And it made me feel really thankful that associates within my company put in the time and energy to make these volunteer opportunities available to us so that we can participate in something constructive to help combat feelings of helplessness.
We’re entering week #5 (or is it 6?) of work-from-home life here at Hugging the Cactus.
Truth be told, I’m feeling a bit burnt out this week.
After a decently nice weekend, I entered Monday feeling rather…blah. Which was annoying because I’ve actually kind of enjoy Mondays recently.
But rather than embracing this one with open arms, I treated it more like Garfield the cat would…ew, Monday again.
The bright side was that I still had acts of kindness to do that will surely make my week better as it goes along.
Monday, 4/20 – Act of Kindness #15: I texted a friend today. This friend is someone who I usually only talk to in group settings, but because I know that the individual has really been struggling lately, I wanted to let the person know that they’re on my mind (again, keeping it kind of vague here on purpose to protect this person’s identity). We ended up making plans for a virtual tea party later this week, which I know will be mental health bolster to us both.
After exchanging just a couple of messages with this friend, it dawned on me just how important it is to check in on our family and friends – not just during the hard times, but also on a regular basis. Because who doesn’t like knowing that someone is thinking about them? Or that someone cares about them? I think that a lot more people struggle with feelings of loneliness than we might realize, so if sending a thoughtful text or picking up the phone to call someone is all it takes to make a person feel a little less alone, then it’s a small gesture that could have a big impact on the well-being of many.
Tuesday, 4/21 – Act of Kindness #16: In keeping with my “checking in” theme, I decided to combine that with my appreciation for the talented bloggers within the diabetes community. There are just so many awesome blogs out there that I don’t get to visit often enough! So I spent a portion of my Tuesday afternoon catching up on blog posts from various members of the DOC from the month of April. After reading them, I did my best to leave comments on each post because as a fellow blogger, I know how much I enjoy it when I receive comments on my writing. It’s always a good feeling knowing that someone out there cares enough to read my ramblings, so I figured other bloggers might like getting a note on their most recent posts.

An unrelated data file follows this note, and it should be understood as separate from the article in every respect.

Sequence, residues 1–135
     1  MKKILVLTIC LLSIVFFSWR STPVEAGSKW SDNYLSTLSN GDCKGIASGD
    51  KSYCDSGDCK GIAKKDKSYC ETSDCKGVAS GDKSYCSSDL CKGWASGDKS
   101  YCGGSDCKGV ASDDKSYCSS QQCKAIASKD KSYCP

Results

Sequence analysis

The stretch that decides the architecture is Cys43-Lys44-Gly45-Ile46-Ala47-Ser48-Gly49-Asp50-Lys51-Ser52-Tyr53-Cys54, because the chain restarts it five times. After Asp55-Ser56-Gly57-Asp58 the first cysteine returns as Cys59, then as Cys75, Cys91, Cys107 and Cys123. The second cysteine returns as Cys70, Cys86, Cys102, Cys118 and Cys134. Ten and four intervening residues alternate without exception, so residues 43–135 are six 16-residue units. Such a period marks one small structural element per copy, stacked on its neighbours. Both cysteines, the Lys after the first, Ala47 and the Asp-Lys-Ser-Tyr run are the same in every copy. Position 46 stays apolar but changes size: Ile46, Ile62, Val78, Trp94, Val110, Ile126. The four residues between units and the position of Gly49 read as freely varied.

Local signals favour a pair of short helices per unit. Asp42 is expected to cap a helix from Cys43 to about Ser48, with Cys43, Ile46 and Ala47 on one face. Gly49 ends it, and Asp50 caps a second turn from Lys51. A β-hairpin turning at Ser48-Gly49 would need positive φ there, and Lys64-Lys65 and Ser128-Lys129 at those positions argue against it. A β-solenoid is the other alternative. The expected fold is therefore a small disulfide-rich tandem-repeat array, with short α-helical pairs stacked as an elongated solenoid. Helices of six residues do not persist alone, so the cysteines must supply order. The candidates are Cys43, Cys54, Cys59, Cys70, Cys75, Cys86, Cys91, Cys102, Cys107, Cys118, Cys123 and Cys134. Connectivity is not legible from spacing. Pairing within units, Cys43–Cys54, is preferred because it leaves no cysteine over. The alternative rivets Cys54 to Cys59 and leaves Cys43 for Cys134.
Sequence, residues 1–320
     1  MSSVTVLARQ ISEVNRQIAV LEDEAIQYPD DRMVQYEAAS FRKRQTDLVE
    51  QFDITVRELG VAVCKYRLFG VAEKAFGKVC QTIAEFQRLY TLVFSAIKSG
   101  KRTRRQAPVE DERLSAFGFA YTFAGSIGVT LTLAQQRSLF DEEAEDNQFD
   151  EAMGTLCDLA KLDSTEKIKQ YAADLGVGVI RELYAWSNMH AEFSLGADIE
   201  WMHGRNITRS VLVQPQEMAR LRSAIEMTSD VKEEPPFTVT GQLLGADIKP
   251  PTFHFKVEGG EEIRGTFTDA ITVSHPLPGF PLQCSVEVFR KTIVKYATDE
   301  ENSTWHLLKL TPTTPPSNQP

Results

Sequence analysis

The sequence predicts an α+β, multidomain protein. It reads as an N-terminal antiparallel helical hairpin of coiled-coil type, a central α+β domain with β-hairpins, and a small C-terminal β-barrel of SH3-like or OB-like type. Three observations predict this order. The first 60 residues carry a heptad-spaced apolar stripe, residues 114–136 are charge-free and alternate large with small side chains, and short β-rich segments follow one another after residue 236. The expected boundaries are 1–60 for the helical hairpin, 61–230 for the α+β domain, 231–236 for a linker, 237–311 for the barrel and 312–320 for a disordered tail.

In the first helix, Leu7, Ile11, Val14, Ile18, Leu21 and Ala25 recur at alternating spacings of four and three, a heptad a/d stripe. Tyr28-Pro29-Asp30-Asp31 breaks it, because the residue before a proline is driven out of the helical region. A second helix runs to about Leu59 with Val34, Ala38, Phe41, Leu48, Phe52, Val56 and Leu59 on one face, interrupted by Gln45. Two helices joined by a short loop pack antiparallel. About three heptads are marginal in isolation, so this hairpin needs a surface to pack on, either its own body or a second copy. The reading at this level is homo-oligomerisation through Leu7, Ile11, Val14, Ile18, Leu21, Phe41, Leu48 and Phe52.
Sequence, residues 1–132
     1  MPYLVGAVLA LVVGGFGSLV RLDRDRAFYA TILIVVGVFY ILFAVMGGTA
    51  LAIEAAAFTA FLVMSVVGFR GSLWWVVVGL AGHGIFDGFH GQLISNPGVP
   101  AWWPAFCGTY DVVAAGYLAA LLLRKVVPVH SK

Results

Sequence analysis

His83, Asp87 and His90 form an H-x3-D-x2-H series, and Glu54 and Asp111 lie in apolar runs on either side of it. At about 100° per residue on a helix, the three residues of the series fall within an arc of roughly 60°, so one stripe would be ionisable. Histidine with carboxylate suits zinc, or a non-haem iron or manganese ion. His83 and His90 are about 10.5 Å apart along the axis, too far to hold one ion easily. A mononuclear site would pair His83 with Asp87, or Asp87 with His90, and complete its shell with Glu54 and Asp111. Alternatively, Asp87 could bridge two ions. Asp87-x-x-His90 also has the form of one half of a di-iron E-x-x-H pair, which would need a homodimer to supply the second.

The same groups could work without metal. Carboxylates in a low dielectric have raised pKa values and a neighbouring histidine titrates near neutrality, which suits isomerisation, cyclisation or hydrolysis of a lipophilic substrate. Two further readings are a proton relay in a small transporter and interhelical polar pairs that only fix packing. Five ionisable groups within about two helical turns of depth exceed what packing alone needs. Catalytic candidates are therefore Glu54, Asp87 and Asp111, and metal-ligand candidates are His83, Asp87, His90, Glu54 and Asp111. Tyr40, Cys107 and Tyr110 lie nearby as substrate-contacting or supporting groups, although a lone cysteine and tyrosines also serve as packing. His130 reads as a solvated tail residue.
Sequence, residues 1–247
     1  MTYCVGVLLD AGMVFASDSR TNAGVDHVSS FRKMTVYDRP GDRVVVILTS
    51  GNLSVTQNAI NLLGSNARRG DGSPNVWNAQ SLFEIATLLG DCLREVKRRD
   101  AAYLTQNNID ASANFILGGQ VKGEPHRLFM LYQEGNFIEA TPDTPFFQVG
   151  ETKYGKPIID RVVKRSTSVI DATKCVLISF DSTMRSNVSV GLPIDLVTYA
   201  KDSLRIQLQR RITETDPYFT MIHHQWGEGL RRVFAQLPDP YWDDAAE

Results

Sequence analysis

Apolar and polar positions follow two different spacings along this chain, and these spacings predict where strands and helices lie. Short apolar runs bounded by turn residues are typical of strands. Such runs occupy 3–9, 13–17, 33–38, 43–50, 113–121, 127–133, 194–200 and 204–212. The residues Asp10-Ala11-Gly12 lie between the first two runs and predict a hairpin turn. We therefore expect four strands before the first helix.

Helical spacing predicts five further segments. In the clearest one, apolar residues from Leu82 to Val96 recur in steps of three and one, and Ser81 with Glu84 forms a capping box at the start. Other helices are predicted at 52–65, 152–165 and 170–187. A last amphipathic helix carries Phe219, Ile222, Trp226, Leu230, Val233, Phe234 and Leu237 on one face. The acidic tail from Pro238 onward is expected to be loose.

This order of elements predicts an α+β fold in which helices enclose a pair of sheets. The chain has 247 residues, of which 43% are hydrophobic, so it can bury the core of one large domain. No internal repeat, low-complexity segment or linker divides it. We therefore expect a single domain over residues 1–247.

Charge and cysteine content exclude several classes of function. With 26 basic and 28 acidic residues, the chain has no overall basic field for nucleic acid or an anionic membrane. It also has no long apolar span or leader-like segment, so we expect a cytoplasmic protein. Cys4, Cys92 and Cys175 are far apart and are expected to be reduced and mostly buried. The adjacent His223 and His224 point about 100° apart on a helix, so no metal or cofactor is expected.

While I was reading and commenting, it also occurred to me that I could review one of the diabetes podcasts that was kind enough to have me as a guest a couple months ago. I left a rating and a review on Apple podcasts for This is Type 1, and hopefully, the hosts will see it and it will make them smile.
I’ll wrap up today’s blog post by sharing the blogs I visited and left comments on, because I think you should check them out, too!
It’s November 20th which means that it’s Day 20 of the Happy Diabetic Challenge! Today’s prompt is “biggest supporter”. Since it’s impossible for me to identify a single person as the biggest source of support with my diabetes, I decided to write about how my thoughts on diabetes and support have changed over the years.
Emotional support is a lovely thing. It feels good to have people in your life who you feel have your back. And it’s twice as nice to have when you’re dealing with a chronic illness like diabetes.
I talk extensively about diabetes and support in the most recent episode of the podcast, Ask Me About My Type 1. (Here’s the link in case you haven’t listened to it yet.) Rather than rehash everything I said in that episode, I’m going to use this post as an opportunity to reflect how my wants and needs in terms of support for my diabetes have changed over the years.
It’s interesting (at least, it is to me) to think about how and why my desire for support has changed as I’ve grown older. My childhood was very normal despite diabetes. It was always there and it was always a thing I had to deal with, but I definitely didn’t feel compelled to talk about it as much as I do now, let alone lean on others in difficult times. Why is that?
I think it has a lot to do with getting to know myself better as I’ve aged.
After all, they say that with age comes wisdom. And though I don’t exactly consider myself a wise old sage or anything of the sort, I do think that I’ve acquired some enlightenment about myself and the way that I process things in my adulthood.
Specifically, I realized in the last few years that diabetes has instilled in me a strong desire to feel in control of every aspect of my life…not just diabetes. When something doesn’t go according to whatever carefully thought-out plan I’ve cooked up, I get upset. And I tend to either bottle up my dismay, which is never a good thing to do, or I totally take it out on the whichever poor soul happens to be within my vicinity, which isn’t fair. Neither of those reactions is a healthy method of dealing with things, but at least I’m aware of that and I’m actively trying to improve how I cope.
I think that this example shows how important diabetes support has become to me because I’m able to lean on others in those times that all of my diabetes plans don’t work out the way I envisioned them. I’ve figured out, over time, that it’s just about the only thing that really works for me. Talking to other people with diabetes (and without diabetes) about struggles that I’ve faced makes me feel less alone. It used to be scary for me to be so vulnerable with others, but I’ve found that it’s worth it because it helps me heal, move on, and forgive/accept myself for feeling whatever I’m feeling.